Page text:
Before you can think about looking for another job, you need to face reality and your fears as well as deal with the emotions that may be holding you back. There is no time like the present to tackle these issues. Allow enough time to work through your feelings, especially if you are angry, frustrated, depressed or anxious about what might be ahead for you. One of the mistakes that some job seekers make is starting their search before they have dealt with the psychological side of their search. They go to networking meetings and interviews with a lousy attitude. They appear to lack self-confidence. They are down in the dumps and the interviewer sees that they are not ready to go to work yet. Even job seekers that are currently working can have some of these same feelings. Take enough time to get past fears, negative emotions, etc., behind you; then start your job search. Things are what they are regardless of what you think about it.

Secret #2-Get on a regular schedule
“Sleeping in” doesn’t cut it when you need to find a job. Manage your daily activities by following a schedule that’s right for you. Decide when you will get up and when you will work in your office. Looking for a job is a full time job. There is a direct correlation between how much time you spend on a quality search (sitting in front of a computer all day e-mailing resumes is not particularly productive; a small percentage of job seekers find jobs via the Internet). Your schedule needs to include plenty of face time with people who can impact your search in a positive way. Sticking with a regular schedule will also help you beat the job loss blues and the frustration of the hunt for those for whom it might be a barrier to getting interviews.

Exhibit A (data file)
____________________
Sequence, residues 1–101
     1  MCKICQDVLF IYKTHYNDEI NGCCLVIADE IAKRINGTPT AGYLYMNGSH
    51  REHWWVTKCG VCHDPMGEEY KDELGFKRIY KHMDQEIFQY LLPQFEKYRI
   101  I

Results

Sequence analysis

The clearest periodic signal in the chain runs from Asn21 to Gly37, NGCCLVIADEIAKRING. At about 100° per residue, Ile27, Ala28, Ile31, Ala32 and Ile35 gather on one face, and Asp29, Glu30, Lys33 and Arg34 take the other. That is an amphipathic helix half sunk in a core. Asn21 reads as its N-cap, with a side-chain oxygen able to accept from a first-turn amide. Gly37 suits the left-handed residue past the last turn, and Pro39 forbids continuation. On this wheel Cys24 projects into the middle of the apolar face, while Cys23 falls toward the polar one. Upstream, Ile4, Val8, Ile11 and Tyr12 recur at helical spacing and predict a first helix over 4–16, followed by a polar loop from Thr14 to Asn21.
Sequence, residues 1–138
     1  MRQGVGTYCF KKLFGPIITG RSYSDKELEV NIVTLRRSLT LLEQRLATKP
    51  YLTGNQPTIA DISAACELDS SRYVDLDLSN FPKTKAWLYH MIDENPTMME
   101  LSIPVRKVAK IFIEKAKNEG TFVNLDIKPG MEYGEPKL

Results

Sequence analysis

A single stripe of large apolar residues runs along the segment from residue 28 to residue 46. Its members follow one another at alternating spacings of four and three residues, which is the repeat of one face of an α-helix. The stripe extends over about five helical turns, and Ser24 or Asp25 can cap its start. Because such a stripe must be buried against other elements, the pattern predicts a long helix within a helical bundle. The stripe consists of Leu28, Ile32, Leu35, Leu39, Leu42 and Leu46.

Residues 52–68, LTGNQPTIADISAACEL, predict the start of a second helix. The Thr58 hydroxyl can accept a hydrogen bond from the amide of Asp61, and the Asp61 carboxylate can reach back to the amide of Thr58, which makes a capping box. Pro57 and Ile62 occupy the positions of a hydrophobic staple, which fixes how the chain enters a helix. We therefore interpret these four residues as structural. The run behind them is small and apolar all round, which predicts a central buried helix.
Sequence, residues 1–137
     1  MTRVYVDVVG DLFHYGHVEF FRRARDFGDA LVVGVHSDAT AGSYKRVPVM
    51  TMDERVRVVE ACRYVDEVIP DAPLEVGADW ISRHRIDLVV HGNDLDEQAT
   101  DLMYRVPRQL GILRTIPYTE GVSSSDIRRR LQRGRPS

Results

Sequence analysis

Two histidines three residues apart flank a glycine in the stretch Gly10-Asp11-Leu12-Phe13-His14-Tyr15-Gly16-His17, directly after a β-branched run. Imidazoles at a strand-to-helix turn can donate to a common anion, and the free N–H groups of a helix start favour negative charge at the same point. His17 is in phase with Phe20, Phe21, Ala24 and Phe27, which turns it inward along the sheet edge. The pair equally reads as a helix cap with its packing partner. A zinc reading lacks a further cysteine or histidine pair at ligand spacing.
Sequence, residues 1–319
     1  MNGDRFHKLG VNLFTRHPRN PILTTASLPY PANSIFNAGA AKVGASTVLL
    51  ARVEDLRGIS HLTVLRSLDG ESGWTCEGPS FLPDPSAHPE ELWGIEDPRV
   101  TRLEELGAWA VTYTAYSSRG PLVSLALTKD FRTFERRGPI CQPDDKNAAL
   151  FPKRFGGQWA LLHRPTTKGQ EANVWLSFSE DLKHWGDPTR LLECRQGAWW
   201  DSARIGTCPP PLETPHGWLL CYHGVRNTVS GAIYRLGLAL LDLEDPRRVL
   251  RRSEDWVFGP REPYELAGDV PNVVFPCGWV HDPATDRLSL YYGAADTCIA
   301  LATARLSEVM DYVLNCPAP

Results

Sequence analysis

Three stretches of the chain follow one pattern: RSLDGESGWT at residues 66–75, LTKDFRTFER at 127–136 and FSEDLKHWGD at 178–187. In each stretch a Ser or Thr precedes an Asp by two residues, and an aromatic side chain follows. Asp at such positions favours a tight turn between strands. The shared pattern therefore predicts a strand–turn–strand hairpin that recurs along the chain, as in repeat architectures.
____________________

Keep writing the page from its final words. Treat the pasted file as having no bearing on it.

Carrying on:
Secret #3-Manage interruptions
Interruptions are a huge time waster. Yet, interruptions are something we can control if we make a conscious effort to do so. In many cases, we are the ones at fault because we interrupt ourselves as our minds tend to race from one idea to another. You can manage this poor use of time by writing down ideas as they occur to you. Then, stick with what you were doing rather than start off in another direction. Go back to those ideas at a later time. You can also let others, especially family members, know that when your door is closed you do not want to be interrupted. And if you are too busy to talk when the telephone rings, ask them if you can get back to them.

Secret #4-Avoid the multi-tasking trap